This Article appeared in the Million Dollar Round Table Magazine March/April 2007
'Planning to spend a couple of months at home after a simple surgical procedure, Brenda Christobelle Mohammed had no idea that she would spend the next several months treating a cancerous tumour.
Brenda, a four-year MDRT member from Trinidad postponed a doctor recommended surgical procedure to late summer 2005 to allow her to attend the 2005 MDRT Annual Meeting as planned for June in New Orleans, Louisiana.
The day after the surgery, Brenda’s doctor told her news she did not expect.
The procedure had been interrupted because of what the doctor found, and she was awaiting lab results.
A few days later, Brenda was discharged and instructed to retrieve the results, then bring them to the doctor to open.
But, Brenda was too anxious to wait. “I ripped open the envelope and was stunned to see the comments,” she said. “I had a malignant tumour.”
The doctor had more bad news.
The cancer cells were the type that could rapidly spread and required immediate treatment abroad.
Brenda obtained the name of a well- referred oncologist and flew to the United States to see him.
”He was calm and very reassuring, explaining that he could not perform another operation so soon after the first,” she said.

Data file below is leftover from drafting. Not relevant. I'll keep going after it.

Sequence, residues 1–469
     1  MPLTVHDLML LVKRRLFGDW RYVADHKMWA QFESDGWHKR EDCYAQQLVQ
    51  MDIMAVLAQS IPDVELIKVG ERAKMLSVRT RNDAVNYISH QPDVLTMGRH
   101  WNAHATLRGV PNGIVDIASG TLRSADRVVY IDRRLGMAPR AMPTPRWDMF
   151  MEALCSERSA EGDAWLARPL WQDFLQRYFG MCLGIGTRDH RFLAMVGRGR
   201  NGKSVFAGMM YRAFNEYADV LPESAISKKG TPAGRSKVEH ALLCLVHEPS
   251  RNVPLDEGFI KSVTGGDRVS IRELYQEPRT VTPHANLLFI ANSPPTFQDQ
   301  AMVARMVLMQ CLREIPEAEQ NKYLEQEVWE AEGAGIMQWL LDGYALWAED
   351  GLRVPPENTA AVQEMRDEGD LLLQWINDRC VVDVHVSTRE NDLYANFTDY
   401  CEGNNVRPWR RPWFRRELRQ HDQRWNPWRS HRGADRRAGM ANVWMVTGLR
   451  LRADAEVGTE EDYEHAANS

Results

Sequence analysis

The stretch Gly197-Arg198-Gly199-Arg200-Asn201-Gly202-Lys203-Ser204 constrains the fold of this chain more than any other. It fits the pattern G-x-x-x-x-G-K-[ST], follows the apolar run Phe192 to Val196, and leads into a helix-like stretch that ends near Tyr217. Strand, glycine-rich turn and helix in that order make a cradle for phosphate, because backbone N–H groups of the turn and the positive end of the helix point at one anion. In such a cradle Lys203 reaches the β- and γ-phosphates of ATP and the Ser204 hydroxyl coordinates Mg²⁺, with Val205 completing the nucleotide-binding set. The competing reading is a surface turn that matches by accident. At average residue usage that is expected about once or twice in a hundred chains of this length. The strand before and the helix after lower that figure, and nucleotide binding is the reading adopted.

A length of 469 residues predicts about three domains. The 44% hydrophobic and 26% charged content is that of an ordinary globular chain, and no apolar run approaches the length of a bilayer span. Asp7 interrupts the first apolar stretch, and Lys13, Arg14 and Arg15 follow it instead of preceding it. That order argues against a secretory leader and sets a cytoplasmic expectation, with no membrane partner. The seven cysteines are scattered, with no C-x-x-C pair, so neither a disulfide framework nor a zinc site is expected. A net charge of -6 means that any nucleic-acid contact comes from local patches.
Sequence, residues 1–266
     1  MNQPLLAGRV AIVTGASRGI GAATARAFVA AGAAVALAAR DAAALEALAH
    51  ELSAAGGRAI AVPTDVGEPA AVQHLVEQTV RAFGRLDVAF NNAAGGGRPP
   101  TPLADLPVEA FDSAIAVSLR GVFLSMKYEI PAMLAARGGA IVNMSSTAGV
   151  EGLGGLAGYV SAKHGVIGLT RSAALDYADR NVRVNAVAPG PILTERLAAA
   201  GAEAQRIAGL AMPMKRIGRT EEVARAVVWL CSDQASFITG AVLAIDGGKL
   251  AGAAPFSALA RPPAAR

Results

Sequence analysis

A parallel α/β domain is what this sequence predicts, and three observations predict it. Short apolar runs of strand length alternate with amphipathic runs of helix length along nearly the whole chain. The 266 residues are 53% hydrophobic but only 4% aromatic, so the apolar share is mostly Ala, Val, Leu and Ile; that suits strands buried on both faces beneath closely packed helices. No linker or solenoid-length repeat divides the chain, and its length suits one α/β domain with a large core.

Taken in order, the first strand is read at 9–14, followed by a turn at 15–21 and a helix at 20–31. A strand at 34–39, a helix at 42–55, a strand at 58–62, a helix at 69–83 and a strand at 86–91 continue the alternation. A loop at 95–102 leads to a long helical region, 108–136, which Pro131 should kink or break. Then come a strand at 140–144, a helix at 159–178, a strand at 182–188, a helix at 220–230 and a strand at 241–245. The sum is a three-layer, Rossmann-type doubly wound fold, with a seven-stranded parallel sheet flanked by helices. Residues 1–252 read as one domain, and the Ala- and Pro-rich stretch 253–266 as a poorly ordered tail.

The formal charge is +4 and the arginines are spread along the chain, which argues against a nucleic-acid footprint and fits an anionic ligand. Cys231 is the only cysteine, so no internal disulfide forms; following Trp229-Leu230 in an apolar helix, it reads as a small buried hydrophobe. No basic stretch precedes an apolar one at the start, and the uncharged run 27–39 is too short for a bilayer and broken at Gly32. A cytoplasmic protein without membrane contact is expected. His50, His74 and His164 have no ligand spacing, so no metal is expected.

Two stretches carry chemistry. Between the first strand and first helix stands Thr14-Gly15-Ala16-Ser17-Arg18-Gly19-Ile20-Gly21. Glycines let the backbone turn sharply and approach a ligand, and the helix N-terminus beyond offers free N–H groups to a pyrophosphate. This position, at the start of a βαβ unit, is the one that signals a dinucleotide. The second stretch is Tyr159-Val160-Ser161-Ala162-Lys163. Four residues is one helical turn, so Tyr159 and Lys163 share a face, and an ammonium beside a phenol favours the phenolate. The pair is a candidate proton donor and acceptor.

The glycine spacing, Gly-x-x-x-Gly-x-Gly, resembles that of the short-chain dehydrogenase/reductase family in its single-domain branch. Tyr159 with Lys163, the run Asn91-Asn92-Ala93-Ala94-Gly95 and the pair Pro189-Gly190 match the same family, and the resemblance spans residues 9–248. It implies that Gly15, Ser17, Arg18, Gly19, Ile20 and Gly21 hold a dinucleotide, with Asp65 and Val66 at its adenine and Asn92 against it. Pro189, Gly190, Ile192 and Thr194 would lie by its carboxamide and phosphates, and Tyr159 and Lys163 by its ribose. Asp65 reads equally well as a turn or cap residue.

The oncologist recommended that she do three sessions of chemotherapy to stop the cancer from spreading before another surgery could be done to remove the tumour.
When the whirlwind of the cancer diagnosis began to die down, new fear about the cost of treatment crept up on her.
She was forced to stay in the United States for several months to receive treatment.
Though she was able to stay with her daughter in Florida, the treatments were expensive at US$16,000.00 per session.
Before she left Trinidad, she thought ahead and submitted claims for her two critical illness policies, worth US$65,000.00.
Group medical insurance was provided by her employers, but she had to pay upfront and submit the claims afterward.
“When the doctor’s assistant called with the cost of the chemotherapy, it was very high, but luckily I had critical illness insurance and the peace of mind that I had the funds,” she said.
With the second surgery, the doctor successfully removed the tumour, and the chemotherapy treatments had stopped any spreading.
As a precaution, she continued chemotherapy for three months, first returning to Trinidad to celebrate Christmas with her family.
Between the chemotherapy treatments, both before and after surgery, and the surgical and hospital fees, her bout with cancer cost US$123,000.00. Her health insurance combined with critical illness insurance payouts covered $113,000.00, leaving her savings to bear the rest of the burden.
“Without those insurances, my savings and those of my husband would have been depleted completely, and we may even have had to borrow some,” she said.
This experience has made me more determined to tell everyone about the value of insurance.
Without it, I would not have been in a position to afford overseas treatment, and be here to tell my story.”
Read Brenda's Memoir, I am Cancer Free available at Amazon Universal Link
The Book received the Mc Grath's House Award for Best Non=Fiction in 2016.
It also received a five-star review and seal from Readers Favorite in 2017.
Look out for the new Book Cover coming soon.